AE: Would you be open to returning?

Of course! It’s just such a well-oiled machine. Everyone on that show is just so nice and so good at what they do and they have such great directors coming through. You can just feel it on the set, that they were doing something good. No one was insecure, no one was worried. The writers are so good and Diablo (Cody) is very present on set and Toni is very cool and not high strung or anything like that. She sets the tone.

AE: It’s just such a great show for women.

When the writing is good, you’re not struggling. TV moves so fast, you don’t have a lot of time to sit down and talk about the scene and what’s going on. But because the writing is so good, there’s no questioning of it. That was the thing with this role, when I got it to audition for it, I was so excited. It was seriously my favorite role that I’ve played in 13 years, especially because it was a real character. It wasn’t like I’m the best friend or I’m the girlfriend and I just laugh at their jokes and I’m just there to get their story across. It was a real character: I know what she wears, I know what color her nails are; it was all that, it wasn’t just, “Be pretty.”

AE: You mentioned all the directors in Season 2 and there were some great ones — Penny Marshall and Jamie Babbit among them. How much did you get to work with them?

Penny did one show and I was in it, which was amazing. She’s incredible. It was interesting for me because I haven’t done a lot of television and the change in directors is weird for me. The first two episodes, Craig Zisk directed and I just had a nickname for him and then he was like, “It was great working with you!” and then the change to have another director come in who wasn’t there for what you shot previously come in and not have them know how we played the scene that happened before this. It was different for me and took a little getting used to.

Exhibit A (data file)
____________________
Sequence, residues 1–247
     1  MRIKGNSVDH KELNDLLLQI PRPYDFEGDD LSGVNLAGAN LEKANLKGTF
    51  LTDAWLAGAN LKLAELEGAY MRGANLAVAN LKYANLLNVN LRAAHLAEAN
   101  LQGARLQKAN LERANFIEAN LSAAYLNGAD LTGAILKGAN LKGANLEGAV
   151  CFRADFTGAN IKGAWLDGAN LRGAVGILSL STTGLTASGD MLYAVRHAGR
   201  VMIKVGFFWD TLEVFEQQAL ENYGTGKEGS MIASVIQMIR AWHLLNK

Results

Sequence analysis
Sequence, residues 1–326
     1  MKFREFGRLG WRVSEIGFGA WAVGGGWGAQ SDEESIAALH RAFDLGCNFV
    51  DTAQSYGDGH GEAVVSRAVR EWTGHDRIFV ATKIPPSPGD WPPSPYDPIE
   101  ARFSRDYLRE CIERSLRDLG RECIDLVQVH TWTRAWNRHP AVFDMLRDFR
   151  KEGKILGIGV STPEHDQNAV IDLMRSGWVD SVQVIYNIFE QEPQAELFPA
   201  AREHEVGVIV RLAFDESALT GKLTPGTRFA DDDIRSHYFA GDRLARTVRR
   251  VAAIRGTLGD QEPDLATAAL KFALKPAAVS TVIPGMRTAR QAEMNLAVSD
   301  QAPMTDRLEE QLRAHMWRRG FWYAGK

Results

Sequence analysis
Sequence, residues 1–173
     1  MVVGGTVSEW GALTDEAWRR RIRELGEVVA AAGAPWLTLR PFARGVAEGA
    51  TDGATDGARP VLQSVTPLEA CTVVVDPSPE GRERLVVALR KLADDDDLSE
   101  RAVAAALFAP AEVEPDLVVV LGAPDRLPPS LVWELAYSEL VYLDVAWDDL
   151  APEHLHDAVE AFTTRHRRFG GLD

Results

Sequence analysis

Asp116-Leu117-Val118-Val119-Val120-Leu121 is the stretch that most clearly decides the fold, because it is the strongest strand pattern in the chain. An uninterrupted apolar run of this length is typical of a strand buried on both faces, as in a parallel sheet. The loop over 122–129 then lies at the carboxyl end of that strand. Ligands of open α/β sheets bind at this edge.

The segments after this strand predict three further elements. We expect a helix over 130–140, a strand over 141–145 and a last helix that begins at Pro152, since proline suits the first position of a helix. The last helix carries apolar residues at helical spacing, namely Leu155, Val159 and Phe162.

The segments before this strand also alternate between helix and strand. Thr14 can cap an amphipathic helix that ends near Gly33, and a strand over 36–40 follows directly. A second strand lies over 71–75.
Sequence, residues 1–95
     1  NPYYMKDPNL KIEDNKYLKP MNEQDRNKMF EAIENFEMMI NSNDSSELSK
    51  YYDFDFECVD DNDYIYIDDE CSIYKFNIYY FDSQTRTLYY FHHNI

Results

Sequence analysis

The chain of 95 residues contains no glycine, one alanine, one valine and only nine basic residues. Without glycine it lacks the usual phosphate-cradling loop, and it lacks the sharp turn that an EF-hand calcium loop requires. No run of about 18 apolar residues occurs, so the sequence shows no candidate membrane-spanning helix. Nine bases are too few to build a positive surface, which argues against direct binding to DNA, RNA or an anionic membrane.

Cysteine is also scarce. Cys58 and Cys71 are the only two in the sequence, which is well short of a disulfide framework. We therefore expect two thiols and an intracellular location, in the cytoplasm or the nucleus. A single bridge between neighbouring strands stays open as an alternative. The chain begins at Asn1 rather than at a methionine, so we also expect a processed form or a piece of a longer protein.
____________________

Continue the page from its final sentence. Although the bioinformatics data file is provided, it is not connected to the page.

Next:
AE: You just directed Dashboard Confessional’s “Belle of the Boulevard” music video, and you wrote and directed Come Early Morning. Any plans to direct again?

Yeah, I’m writing a script right now that I want to direct. It’s about too many things right now, which is a problem! It’s a woman story … and it’s really just dealing with reporters and what they see. I’ve met some and the ones that do go to wars and cover that, it’s so hard for them to go cover that and come back and attend, say, a birthday party. And how do you have a relationship where you’re not treating it like the subject?

AE: Would you write, direct and star in it?

I thought about acting in Come Early Morning but I really love coming to set and not worrying about hair, makeup and wardrobe! [Laughs.] It’s very freeing. And for me, I didn’t go to school to direct, it’s not like it comes super easy for me. I don’t think I could do both and do them well. I love directing actors. I loved working with Ashley (Judd) and originally I wrote that part for me to act in and then decided that I wanted to direct it. It was really hard to give up that part but then when she came on, it was such an amazing experience.

AE: Any upcoming acting projects?

I did a pilot for a new channel called Epix (Tough Trade, from Weeds executive producer/showrunner Jenji Kohan). It’s Dallas meets Nashville country western music and it’s three generations of country western singers and their families and they all have like four ex-wives and current wives. Chris Offutt wrote it and Sam Shepard plays the lead. We’ll see if it gets picked up.

AE: Do you get to sing?

No! People thing I can sing because of Chasing Amy but I really can’t!